As the death toll contributed to COVID-19 nears 430,000 in the United States alone, there’s another number that’s just as alarming but not receiving the same attention, even though the two are connected: Overdose deaths.
In the 12 months ending in May 2020, more than 81,000 drug overdose deaths were reported by the Centers for Disease Control and Prevention, the highest number ever recorded in a one-year period. Data for all of 2020 is not available yet, but that number is sure to rise once the new data is released.
The numbers in Kentucky and Nelson County are just as startling.
Overdose deaths in Nelson County saw a sharp increase over the last three years according to Bardstown City Councilwoman Betty Hart, who is the head of Nelson County Addiction Response Effort (NelCARE), and Nelson County coroner Field Houghlin.
“The number of overdoses we have, it’s quite staggering when you look at it,” Hart told the Bardstown Rotary Club at a recent meeting.
According to Houghlin, Nelson County had six drug overdose deaths in 2018, seven in 2019 and 16 in 2020. Houghlin said it was beyond his expertise to make a connection between covid and overdose deaths. Still, the numbers do show a significant increase since the pandemic started.
“These numbers just include overdoses that happened in Nelson County,” Houghlin said. “If you were a Nelson County resident but you OD’d in say Jefferson County, I wouldn’t have that. That would be in Jefferson County’s numbers.”
“As a community we need to do whatever we can to improve this,” Hart said.
“In Kentucky the overdose trends have increased 50-100% over 2019 figures,” said Danesh Mazloomdoost, MD, medical director at Wellward Regenerative Medicine in Lexington. “The increasing trends are for all substances of abuse, but opioids continue to be the leading agent, with fentanyl showing up more regularly.”
Mazloomdoost sees a direct correlation between the pandemic and the increase in overdose deaths.
Mazloomdoost said two things intensify addiction — increases in stress or further declines in an ability to cope.
“The pandemic has been a major disrupter for everyone and everyone has felt the stress in different forms — frustration, boredom, fatigue and anxiety,” Mazloomdoost said. “This increase in stress affects us all, but especially those among us who have a struggle like addiction.”
The disruption to in-person treatment and recovery services may also be a factor, according to experts. People also are more likely to be taking drugs alone, which means no friend or family member to call 911 or administer overdose-reversing medication. And because of the pandemic, group meetings and face-to-face therapy are no longer the norm, which can add fuel to the fire.
Mental health care systems stressed
“The pandemic further adds to the struggle because, like all healthcare systems, mental health resources are stressed because of radical operational changes,” Mazloomdoost said.
“The disruption to daily life due to the COVID-19 pandemic has hit those with substance use disorder hard,” said former CDC Director Dr. Robert Redfield. “As we continue the fight to end this pandemic, it’s important to not lose sight of different groups being affected in other ways. We need to take care of people suffering from unintended consequences.”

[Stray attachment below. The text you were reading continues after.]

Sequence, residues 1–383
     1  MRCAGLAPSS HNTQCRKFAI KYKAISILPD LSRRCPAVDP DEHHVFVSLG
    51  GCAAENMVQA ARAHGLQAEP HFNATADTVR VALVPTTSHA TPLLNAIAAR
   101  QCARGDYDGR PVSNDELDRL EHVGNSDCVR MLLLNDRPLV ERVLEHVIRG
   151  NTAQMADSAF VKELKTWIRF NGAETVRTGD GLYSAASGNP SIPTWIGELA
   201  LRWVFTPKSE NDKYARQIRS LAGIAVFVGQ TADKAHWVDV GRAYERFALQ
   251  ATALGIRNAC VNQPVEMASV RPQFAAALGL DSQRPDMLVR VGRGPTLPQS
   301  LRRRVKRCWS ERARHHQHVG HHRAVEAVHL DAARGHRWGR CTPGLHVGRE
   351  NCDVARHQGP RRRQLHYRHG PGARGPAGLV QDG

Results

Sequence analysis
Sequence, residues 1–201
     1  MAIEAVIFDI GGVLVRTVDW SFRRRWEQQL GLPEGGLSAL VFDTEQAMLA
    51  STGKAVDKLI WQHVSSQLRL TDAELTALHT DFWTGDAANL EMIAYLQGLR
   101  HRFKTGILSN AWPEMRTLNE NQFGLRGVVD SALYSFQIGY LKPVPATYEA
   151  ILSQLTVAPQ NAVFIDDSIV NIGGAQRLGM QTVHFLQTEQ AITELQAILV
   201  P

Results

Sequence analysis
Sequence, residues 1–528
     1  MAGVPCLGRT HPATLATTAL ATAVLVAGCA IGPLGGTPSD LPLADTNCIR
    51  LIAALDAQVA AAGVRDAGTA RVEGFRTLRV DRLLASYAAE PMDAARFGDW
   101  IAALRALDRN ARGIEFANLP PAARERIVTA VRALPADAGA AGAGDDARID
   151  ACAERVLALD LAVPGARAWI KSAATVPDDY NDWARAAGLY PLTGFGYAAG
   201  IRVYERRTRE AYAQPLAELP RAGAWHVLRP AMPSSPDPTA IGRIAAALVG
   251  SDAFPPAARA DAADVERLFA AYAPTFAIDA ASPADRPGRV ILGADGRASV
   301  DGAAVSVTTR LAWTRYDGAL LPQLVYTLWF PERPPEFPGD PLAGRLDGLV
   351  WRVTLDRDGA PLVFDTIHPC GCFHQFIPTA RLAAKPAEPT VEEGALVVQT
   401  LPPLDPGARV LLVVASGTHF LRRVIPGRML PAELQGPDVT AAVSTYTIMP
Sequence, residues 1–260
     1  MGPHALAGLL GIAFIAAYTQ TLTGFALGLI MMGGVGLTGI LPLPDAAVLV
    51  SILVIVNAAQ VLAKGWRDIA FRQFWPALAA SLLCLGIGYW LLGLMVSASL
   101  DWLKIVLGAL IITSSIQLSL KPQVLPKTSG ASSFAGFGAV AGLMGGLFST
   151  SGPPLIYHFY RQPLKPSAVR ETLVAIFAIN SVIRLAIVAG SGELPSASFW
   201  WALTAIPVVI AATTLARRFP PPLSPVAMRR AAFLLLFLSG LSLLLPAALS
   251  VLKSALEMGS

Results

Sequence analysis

Mazloomdoost said that while everybody seeks to distance their consciousness from life’s realities (in healthy ways like connection, community and exercise, which creates and releases the brain’s “happy” chemicals to sustain us during hardships), addicts lose the ability to engage those parts of the brain through choices and instead become reliant on chemicals.
“Initially people might take a drug to tap into that escape, but very quickly the brain adapts,” he said.
Addiction not limited to certain areas
According to Mazloomdoost, the rise in overdose deaths during the pandemic knows no geographical boundaries. Residents in urban and rural settings both face their own deficits in the struggle with addiction.
“While historically substance abuse tended to be more metro and alcohol abuse more rural, the norms are fluxing rapidly,” he said. “Prescription opioids leveled access barriers and in some ways fed a rural problem to outpace urban. At this point both communities face similar challenges with variants of their own.”
Pandemic has seen rise in deadly drug cocktails
According to a USA Today story, the COVID-19 pandemic has caused supply problems for drug dealers, so they are increasingly mixing cheap and deadly fentanyl into heroin, cocaine and methamphetamine. A researcher at Syracuse University who studies drug overdose trends said they don’t suspect there is a bunch of new people who suddenly started using drugs because of covid. If anything, they think the supply of drugs people are already using is more contaminated.
Synthetic opioids (primarily illicitly manufactured fentanyl) appear to be the primary driver of the increases in overdose deaths, increasing 38.4% from the 12-month period leading up to June 2019 compared with the 12-month period leading up to May 2020.
Treatment access falls short
Mazloomdoost said that mental health access and resources continue to fall short of the enormous demand for treatment, and the Kentucky Medical Association continues to advocate for mental health parity and improved access to substance abuse treatments like Medication Assisted Therapy (MAT).
“Logistical and financial barriers should not be a limiting factor to catching up with this problem,” he said, noting that new opportunities have been explored as a result of the CARES Act and that these assist access by liberalizing the use of digital and remote health platforms and having financial parity with in-person visits.
Read the full article here.